Stuffed jalapenos can be made in conventional or lazy way

Stuffed jalapenos can be made in conventional or lazy way

July 11th, 2012 by Jane Henegar in Life Entertainment

Good morning, July readers. Please tend to the following requests, and then we can head together into the kitchen. We are in need of heart-healthy recipes and sausage/cheese breakfast casseroles.

Our first correspondent today has professional credentials. Susan Yelliott-Batten is a senior instructor in the College of Culinary Arts at Johnson & Wales University in Charlotte, N.C. More importantly, she returns to Chattanooga to visit her mother. She noted, "I really enjoying watching the food scene here in Chattanooga. Things surely have blossomed since I lived here 30 years ago.

"It seems like every time I come back to Chattanooga, there is something in the food section about quinoa," she continued. "Quinoa has a natural compound on the exterior of the grain called saponin. Unless you rinse quinoa, it will have a bitter taste that turns people off. I just put the quinoa in a strainer and rinse under running water for a few seconds. I love the grain for its versatility and texture and use it in many applications."

Ms. Yelliott-Batten offered two versions of stuffed jalapenos, wrapped up in one simple recipe.

Stuffed Jalapenos

Fresh jalapenos, sliced and seeded

Goat cheese


Conventional version:

Stuff jalapenos with goat cheese, wrap them in bacon, and bake in a preheated 400 F oven until the bacon is crisp.

Lazy version:

Roast peppers until charred under the broiler, on the grill or over an open flame. Peel and seed them, chop and blend with goat cheese and cooked bacon that has been crumbled.

To serve, use as a dip or spread on crackers. Or spread on slices of baguette, and broil until melted and bubbly.

Tricia from Walden found the recipe Jane Guthrie sought; she has not tested this one.

Sweet Potato Muffins

6 tablespoons butter, softened

2/3 cup sugar

1 egg

1 teaspoon vanilla extract

13/4 cups sifted all-purpose flour

11/2 teaspoons baking powder

1 teaspoon cinnamon

1/2 teaspoon nutmeg

1/2 teaspoon salt

2/3 cup evaporated or regular milk

11/2 cups peeled, finely shredded sweet potato

2/3 cup chopped walnuts or pecans

In a large mixing bowl with handheld mixer on medium speed, beat butter and sugar until light and fluffy. Beat in egg and vanilla until well blended.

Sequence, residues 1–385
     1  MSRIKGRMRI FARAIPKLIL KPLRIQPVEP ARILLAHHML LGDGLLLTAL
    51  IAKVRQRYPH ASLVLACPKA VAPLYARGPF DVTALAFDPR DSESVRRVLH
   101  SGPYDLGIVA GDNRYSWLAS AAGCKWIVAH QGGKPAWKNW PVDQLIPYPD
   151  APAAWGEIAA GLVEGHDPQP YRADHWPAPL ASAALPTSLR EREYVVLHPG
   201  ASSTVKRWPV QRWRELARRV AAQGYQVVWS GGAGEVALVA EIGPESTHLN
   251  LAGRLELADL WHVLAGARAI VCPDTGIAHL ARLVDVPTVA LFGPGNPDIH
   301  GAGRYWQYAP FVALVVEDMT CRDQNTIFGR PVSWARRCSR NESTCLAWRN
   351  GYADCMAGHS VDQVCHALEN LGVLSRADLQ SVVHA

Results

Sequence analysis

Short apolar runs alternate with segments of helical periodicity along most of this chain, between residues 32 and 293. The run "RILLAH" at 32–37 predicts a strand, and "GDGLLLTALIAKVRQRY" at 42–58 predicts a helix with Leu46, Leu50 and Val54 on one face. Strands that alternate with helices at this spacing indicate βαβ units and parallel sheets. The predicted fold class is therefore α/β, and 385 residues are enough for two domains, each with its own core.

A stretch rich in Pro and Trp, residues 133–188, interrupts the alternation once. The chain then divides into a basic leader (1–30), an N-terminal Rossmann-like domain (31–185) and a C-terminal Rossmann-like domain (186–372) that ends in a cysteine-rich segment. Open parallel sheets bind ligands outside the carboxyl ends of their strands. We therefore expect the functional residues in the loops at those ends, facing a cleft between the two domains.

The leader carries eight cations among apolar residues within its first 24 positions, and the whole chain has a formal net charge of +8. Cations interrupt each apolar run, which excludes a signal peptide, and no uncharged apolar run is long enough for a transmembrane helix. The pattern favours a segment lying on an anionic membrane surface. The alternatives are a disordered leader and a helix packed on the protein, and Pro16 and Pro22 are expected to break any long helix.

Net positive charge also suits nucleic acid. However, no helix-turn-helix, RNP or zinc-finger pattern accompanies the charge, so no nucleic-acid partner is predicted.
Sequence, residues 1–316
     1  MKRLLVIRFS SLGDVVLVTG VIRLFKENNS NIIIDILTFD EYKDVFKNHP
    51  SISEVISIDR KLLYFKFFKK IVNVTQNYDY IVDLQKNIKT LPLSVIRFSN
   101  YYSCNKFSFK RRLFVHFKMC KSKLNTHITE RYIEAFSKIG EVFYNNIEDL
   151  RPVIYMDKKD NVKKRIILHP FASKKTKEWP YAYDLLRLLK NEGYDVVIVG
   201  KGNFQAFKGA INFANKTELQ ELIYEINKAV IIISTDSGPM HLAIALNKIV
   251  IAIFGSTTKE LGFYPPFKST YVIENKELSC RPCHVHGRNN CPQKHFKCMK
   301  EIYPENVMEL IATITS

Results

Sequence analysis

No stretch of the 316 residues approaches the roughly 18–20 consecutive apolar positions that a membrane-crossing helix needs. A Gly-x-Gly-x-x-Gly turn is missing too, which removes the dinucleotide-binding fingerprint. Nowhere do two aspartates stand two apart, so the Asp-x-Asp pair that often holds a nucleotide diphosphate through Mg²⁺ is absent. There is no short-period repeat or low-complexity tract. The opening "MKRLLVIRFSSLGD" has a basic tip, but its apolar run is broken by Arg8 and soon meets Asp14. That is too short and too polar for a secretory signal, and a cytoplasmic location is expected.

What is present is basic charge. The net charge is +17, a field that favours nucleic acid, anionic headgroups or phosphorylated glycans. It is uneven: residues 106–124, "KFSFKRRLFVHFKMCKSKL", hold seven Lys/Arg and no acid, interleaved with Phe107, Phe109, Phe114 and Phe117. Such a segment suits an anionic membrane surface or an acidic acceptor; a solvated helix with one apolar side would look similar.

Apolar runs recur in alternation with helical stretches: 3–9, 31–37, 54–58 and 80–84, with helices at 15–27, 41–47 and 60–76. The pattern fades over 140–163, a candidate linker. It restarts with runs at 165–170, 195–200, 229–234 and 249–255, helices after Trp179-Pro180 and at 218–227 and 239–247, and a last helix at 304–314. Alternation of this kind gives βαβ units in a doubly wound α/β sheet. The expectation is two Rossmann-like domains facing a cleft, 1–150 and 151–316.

In a separate bowl, combine flour, baking powder, cinnamon, nutmeg and salt. Stir into the butter mixture alternately with milk, mixing just until dry ingredients are moistened. Stir in sweet potato and chopped nuts. Spoon batter into greased muffin cups, filling about 2/3 full. Bake at 375 F for 25 to 30 minutes or until centers spring back when pressed with fingertips. Cool in pan on rack for 5 minutes. Remove from pan and serve muffins warm. Makes about 1 dozen.

Mary Ann McInturff credited Christiana Campbell's Tavern in Williamsburg, Va., for the sweet potato muffins she has sent, "a very old recipe, made in Williamsburg in mini muffin tins. If you use regular-size muffin tins, increase the baking time to 30 minutes."

Christiana Campbell's Tavern Sweet Potato Muffins

2/3 cup canned or cooked fresh sweet potatoes, well drained

4 tablespoons butter

1/4 to 1/2 cup sugar

1 egg

3/4 cup all-purpose flour

2 teaspoons baking powder

1/2 teaspoon salt

1/2 teaspoon cinnamon

1/4 teaspoon nutmeg

1/2 cup milk

1/4 cup chopped pecans or walnuts

4 teaspoons chopped raisins

Cinnamon and sugar for topping (optional)

Heat oven to 400 F.

Grease muffin tins that are 11/2 inches in diameter.

Purée the sweet potatoes in a food processor or blender.

Cream the butter and sugar. Beat in egg and puréed sweet potatoes.

Sift the flour with the baking powder, salt, cinnamon and nutmeg. Add the dry ingredients alternately by hand with the milk and chopped nuts and raisins, mixing just until blended. Do not overmix.

Spoon into the greased muffin tins, filling each tin completely full. A little sugar and cinnamon may be sprinkled on top of each muffin, if desired. Bake at 400 F. for 20-25 minutes.

Janell Bontekoe weighed in on the best of bread-machine bread, declaring this one her family's favorite whole-wheat bread, "and we use a Zo machine also. It is one of our favorite kitchen servants. We use the manual cycle and make this recipe into some of the best dinner rolls."

Bread Machine Whole-Wheat Bread

11/2 cups water, 90 to 100 F

2 tablespoons honey

2 tablespoons oil

31/2 cups whole-wheat flour

11/2 teaspoons salt

2 teaspoons dough enhancer

3 tablespoons vital gluten

2 teaspoons yeast

Place in bread machine in order listed above for best results. Bake in machine on whole-wheat cycle or use manual cycle and form into rolls. Let rise and bake in a preheated 350 F oven about 10 minutes.

We've just come back from a vacation that included dinners out and dinners in, and I'd have to go with the dinners in. They included a hot-dog meal, empanadas from a takeout restaurant consumed furniture-less after the movers left and a whole beef tenderloin with lemon- and garlic-laced mushrooms. But it was all about the delightful company, so hot dogs didn't take a back seat to tenderloin.

What are you cooking for the people who delight you, and what are the people who delight you preparing for you? Let us know so we can copy.

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Fare Exchange is a longtime meeting place for people who love to cook and love to eat. We welcome both your recipes and your requests. Be sure to include precise instructions for every recipe you send.

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